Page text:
Originally Published: Tuesday, 6 June 2000 Author: Melanie Burrett
Published to: interact_articles_jobs_profiles/Job Profiles Page: 1/1 - [Printable]

Google: The Search Engine That Could

Google is one of the most user-friendly search engines on the 'net. A friend recommended it to me a year ago, and to tell the truth I was a little leery of something that had a button that said "I'm feeling lucky," but I tried it. There's a lot more to it than the pretty colours -- employees like Jim Reese, the Chief Operations Engineer, have helped to create a fun, quick, and relevant search engine.

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Google is one of the most user-friendly search engines on the 'net. A friend recommended it to me a year ago, and to tell the truth I was a little leery of something that had a button that said "I'm feeling lucky," but I tried it. I was amazed at how easy and fun it was, and it quickly became one of my favourites.. Apparently I was not the only one to think this. Google won two Webby awards recently: the Technology Award and the Judges' Choice award. According to Jim Reese, the people who went up to get the awards did it on rollerblades, wearing "We love you, Google users" jerseys. This says pretty much everything you need to know about the company...

Google is committed to excellence, but they understand that hard work doesn't have to be tedious. Every Friday afternoon there is a meeting where new people are announced, birthdays are celebrated, and the "state of the Google address" is given. There is also an in-house roller-hockey league (Not in-house literally -- they use the back parking lot). Jim, himself, has a beaded curtain instead of a door to his office.

Jim Reese is the Chief Operations Engineer for Google. He is responsible for the well-being of the 4000 computers which make up the network. When he first arrived there were only about 400 computers. Within the first month, it was scaled up to 2000. Jim had to write code and design the architecture from scratch. The other big search engines and networks such as Yahoo's or Microsoft's are spread over many data centers. Google only has three data centers, so it required a different approach.

His previous experience was on much smaller networks. Five years ago he was doing research at Stanford Research Institute International, and set up a Linux email/Web server for his boss on a SPARC station. It was very necessary as the email server that he replaced was 20 years old. Apparently the machine that he set up is still running all the email for the department. When he was looking for a home system, FreeBSD was in the middle of legal troubles, and even back then the Linux community was more established and friendly. He had used 'nixes in college and medical school, so Windows wasn't really even in the running.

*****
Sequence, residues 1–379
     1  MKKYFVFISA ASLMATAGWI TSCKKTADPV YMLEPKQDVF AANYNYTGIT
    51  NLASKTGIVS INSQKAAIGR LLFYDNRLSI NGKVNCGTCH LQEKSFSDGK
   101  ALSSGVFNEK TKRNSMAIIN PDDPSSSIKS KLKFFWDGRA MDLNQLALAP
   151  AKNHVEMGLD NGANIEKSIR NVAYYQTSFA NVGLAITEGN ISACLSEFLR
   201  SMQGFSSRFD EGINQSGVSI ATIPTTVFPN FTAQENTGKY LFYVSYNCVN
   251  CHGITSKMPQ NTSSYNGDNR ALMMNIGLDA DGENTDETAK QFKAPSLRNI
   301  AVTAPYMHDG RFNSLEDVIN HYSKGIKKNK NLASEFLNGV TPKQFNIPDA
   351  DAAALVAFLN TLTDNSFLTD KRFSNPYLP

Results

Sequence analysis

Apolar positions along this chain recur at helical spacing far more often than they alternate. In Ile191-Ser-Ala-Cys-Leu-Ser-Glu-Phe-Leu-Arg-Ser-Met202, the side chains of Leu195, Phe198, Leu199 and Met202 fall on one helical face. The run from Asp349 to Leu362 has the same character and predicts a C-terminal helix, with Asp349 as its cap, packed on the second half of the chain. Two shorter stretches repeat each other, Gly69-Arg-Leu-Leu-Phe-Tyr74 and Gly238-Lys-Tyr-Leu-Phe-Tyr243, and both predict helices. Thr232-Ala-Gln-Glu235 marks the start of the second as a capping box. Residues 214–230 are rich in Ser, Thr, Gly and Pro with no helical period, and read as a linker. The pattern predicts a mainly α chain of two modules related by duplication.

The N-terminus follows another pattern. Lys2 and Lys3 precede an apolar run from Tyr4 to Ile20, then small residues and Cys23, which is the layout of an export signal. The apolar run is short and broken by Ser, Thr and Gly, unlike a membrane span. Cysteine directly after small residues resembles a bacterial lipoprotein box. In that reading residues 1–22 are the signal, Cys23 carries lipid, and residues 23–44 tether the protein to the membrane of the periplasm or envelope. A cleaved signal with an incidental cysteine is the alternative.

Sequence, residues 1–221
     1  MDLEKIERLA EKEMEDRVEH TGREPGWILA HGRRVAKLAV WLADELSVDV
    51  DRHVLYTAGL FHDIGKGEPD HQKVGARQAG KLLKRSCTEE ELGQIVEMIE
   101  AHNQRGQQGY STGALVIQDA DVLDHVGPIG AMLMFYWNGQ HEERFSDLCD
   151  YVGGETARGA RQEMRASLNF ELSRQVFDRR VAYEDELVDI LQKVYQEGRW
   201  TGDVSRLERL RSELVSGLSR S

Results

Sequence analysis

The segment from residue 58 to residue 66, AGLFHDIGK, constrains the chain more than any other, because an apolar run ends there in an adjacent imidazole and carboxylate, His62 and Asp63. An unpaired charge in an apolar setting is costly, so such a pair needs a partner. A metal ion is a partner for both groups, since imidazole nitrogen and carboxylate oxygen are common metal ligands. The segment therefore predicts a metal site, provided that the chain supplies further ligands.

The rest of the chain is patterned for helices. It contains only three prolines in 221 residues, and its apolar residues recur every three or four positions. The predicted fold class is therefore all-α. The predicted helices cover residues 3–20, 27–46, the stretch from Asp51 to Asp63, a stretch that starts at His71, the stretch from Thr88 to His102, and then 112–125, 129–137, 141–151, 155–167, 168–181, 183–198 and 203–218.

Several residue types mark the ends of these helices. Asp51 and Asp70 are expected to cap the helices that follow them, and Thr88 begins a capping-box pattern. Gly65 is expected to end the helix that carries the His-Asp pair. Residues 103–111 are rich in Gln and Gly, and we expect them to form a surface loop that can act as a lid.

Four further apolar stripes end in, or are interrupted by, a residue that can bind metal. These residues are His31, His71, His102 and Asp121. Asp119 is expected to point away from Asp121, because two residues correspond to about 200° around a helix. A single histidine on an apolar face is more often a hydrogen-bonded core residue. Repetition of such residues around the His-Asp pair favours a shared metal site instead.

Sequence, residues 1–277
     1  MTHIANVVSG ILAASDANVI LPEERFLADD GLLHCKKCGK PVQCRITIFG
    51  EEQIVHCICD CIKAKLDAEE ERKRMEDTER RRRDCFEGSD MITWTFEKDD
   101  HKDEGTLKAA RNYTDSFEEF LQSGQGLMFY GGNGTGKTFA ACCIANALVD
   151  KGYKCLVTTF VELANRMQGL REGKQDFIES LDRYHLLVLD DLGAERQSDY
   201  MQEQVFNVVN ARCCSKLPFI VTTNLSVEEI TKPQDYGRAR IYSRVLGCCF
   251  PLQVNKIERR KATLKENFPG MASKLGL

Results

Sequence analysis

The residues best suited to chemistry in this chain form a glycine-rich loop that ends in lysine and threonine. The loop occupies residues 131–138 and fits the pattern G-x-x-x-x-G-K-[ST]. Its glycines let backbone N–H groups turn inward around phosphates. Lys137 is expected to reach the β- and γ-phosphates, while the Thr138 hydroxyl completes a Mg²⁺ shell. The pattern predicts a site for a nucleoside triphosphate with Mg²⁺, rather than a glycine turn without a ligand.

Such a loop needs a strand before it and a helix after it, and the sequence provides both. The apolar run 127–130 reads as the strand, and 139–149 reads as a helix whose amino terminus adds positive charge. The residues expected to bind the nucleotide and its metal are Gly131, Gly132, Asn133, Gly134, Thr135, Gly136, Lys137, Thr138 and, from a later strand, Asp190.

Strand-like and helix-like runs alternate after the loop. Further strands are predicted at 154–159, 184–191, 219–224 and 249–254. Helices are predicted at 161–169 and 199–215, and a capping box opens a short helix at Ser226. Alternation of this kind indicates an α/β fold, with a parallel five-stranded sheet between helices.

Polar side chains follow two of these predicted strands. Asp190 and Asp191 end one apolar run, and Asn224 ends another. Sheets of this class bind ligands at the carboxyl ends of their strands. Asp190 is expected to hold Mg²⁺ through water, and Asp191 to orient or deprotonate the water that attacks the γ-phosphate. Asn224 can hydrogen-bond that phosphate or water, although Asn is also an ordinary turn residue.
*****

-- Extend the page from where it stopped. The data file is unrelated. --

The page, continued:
Before Jim Reese got into the field of computers he was a neurosurgeon at Stanford. The project that he was working on was a computer program that would analyze images from an MRI scan (Magnetic Resonance Image) to look for brain tumours or indications that the patient may have had a stroke. It was designed to find very small signs that the human eye would miss.

Why did he leave? Well, being on-call every two days was not an easy schedule to manage. Now he can get a phone call at 2 am when a network goes down, but that doesn't happen every two days. As well, academia can be a little difficult from the political end.

Google has used Linux since the beginning. All of the servers are stripped down versions of Red Hat 6.x. It came with all the development tools needed by engineers and programmers, and even though they paid a fee to use it, it was still much cheaper than the alternatives.

The idea for Google came from two Ph.D. candidates at Stanford. Larry Page and Sergey Brin, the co-founders, were working on a thesis/research project which dealt with databases and information retrieval technology which could stay abreast of the rapidly-expanding Internet. Google officially started in 1998 at http://www.google.stanford.edu.

Jim Reese was hired in June 1999 directly into his current position. He was the first full-time sysadmin. Jim's job is to monitor security newsgroups, patch and update kernels, and write tools to manage a cluster of thousands of machines. This last job is what takes up most of his time. There will be 10 000 machines by the end of the year.

Even though it is long hours and hard work, he really appreciates the kooky congeniality and the academic atmosphere that is encouraged by the company. Jim counts among a dozen or so employees who have (or almost have) a Ph.D. in something. There is also the satisfaction of knowing that he had played a major hand in helping Google grow from 5000 hits a day to over 17 million. This is going up by a rate of 20-30% per month.

For future Google employee hopefuls he has this advice: install Linux and play with it. Read everything you can get your hands on. Everything you need to know is on the Internet somewhere. If you don't know Linux, you won't be hired at Google. If you have any questions, contact bill@google.com.





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